Sheet 1 of Hollerith's U.S. Patent 395,782 showing his early concept for recording statistical information by means of holes punched in paper.
Starting at the end of the nineteenth century, well before the advent of electronic computers
, data processing was performed using electromechanical
machines called unit record equipment
, electric accounting machines
) or tabulating machines
Unit record machines came to be as ubiquitous in industry and government in the first two-thirds of the twentieth century as computers
became in the last third. They allowed large volume, sophisticated data-processing tasks to be accomplished before electronic computers were invented and while they were still in their infancy. This data processing was accomplished by processing punched cards
through various unit record machines in a carefully choreographed progression. This progression, or flow, from machine to machine was often planned and documented with detailed flowcharts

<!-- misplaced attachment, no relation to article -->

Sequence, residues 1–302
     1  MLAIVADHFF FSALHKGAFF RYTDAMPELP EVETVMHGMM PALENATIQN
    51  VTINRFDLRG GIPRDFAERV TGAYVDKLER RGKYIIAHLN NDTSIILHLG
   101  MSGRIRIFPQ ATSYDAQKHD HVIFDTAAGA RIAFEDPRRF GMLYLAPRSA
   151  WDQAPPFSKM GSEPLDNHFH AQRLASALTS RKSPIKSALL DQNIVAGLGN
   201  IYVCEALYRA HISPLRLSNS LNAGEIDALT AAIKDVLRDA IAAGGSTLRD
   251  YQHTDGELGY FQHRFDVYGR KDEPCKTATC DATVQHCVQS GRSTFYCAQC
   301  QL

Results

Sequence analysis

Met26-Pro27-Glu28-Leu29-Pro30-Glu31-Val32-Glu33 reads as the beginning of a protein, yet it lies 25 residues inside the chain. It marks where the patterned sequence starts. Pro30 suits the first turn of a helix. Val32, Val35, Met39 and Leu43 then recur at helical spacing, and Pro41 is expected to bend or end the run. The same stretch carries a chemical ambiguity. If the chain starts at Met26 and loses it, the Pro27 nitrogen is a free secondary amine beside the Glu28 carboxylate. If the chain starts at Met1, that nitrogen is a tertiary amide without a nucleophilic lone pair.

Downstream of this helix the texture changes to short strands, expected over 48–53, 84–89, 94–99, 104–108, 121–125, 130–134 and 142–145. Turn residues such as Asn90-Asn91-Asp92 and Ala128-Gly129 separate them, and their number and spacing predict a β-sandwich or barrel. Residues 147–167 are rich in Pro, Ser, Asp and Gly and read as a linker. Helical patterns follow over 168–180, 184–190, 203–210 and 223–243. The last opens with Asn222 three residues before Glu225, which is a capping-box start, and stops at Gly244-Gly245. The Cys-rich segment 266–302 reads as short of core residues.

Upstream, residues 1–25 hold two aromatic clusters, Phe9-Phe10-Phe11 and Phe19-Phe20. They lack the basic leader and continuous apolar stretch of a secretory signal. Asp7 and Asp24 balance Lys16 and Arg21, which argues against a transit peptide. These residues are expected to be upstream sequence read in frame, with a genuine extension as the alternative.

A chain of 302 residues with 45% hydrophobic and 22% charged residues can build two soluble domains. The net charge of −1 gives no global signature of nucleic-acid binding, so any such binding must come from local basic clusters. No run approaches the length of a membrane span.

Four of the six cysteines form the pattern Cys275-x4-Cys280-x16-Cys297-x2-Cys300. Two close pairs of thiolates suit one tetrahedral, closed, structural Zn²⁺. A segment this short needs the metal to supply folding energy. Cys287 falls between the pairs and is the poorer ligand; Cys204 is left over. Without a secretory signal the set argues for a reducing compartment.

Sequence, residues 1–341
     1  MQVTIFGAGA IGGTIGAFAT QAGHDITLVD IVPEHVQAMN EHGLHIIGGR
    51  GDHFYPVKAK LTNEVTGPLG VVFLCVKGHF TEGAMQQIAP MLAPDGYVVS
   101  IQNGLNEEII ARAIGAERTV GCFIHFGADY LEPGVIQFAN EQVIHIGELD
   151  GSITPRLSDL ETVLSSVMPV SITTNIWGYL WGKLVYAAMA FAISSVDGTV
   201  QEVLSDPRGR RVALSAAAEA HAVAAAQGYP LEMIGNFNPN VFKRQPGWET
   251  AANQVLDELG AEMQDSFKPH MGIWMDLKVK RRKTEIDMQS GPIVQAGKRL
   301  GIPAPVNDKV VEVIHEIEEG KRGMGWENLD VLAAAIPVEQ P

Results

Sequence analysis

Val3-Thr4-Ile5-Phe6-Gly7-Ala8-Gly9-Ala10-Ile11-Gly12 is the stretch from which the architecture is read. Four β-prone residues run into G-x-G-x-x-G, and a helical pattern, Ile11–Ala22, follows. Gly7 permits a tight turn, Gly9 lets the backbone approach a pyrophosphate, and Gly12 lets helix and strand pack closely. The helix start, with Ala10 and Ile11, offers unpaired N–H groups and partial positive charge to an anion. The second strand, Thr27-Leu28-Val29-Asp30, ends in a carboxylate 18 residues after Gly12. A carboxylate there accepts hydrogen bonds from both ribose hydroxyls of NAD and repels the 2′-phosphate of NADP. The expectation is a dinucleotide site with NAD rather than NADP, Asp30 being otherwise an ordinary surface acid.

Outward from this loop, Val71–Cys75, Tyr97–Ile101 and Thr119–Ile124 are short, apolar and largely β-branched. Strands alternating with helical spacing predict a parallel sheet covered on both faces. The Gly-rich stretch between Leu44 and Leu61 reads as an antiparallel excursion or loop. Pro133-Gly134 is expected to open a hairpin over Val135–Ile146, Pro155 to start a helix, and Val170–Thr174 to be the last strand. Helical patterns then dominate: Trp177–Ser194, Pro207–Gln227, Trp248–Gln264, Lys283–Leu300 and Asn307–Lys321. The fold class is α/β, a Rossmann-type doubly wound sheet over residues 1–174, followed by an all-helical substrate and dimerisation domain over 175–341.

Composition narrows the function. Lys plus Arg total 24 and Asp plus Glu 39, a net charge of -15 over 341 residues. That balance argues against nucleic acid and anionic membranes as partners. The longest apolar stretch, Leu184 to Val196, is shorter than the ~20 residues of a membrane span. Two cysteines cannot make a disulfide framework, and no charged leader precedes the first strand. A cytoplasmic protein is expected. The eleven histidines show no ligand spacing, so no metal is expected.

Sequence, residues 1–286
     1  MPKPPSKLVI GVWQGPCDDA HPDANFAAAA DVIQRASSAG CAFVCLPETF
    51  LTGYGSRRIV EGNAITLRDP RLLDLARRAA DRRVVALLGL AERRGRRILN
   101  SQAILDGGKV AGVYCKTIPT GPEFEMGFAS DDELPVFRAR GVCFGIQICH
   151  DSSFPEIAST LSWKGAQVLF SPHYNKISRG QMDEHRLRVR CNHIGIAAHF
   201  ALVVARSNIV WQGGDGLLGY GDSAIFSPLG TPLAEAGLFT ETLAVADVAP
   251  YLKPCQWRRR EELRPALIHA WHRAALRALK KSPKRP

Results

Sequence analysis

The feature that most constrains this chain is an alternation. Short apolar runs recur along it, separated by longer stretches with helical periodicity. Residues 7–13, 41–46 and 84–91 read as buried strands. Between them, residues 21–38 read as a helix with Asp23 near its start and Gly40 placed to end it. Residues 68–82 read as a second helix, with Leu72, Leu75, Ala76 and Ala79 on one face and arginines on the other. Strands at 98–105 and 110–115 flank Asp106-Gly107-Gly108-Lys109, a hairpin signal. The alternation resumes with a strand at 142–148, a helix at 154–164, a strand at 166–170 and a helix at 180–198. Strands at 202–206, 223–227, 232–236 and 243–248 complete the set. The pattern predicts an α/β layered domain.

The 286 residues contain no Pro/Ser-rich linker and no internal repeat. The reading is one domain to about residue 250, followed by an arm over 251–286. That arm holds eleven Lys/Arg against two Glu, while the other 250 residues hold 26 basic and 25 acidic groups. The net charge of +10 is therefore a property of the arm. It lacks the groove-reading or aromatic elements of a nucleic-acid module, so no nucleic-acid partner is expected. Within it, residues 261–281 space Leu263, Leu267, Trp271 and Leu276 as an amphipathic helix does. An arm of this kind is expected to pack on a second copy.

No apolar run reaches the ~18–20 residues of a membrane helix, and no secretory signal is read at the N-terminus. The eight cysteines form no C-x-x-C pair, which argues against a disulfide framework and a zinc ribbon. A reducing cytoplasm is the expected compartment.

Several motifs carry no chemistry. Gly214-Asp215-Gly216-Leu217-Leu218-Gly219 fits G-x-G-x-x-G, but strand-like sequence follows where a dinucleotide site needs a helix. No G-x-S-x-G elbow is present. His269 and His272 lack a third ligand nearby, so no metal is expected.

that used standardized symbols for documents and the various machine functions. All but the earliest machines had high-speed mechanical feeders to process cards at rates from around 100 to 2,000 per minute, sensing punched holes with mechanical, electrical, or, later, optical sensors. The operation of many machines was directed by the use of a removable plugboard
, control panel
, or connection box
. Initially all machines were manual or electromechanical
. The first use of an electronic component was in 1937 when a photocell was used in a Social Security bill-feed machine. Electronic components were used on other machines beginning in the late 1940s.IBM
was the largest supplier of unit record equipment and this article largely reflects IBM practice and terminology. Read more...